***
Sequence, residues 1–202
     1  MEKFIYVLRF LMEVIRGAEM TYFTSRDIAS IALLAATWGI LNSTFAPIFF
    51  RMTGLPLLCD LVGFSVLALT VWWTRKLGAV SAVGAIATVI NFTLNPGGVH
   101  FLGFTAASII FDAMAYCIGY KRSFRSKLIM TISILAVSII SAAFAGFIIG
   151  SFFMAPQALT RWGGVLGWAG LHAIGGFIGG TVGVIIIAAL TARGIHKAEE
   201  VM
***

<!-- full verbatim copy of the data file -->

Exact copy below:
Sequence, residues 1–202
     1  MEKFIYVLRF LMEVIRGAEM TYFTSRDIAS IALLAATWGI LNSTFAPIFF
    51  RMTGLPLLCD LVGFSVLALT VWWTRKLGAV SAVGAIATVI NFTLNPGGVH
   101  FLGFTAASII FDAMAYCIGY KRSFRSKLIM TISILAVSII SAAFAGFIIG
   151  SFFMAPQALT RWGGVLGWAG LHAIGGFIGG TVGVIIIAAL TARGIHKAEE
   201  VM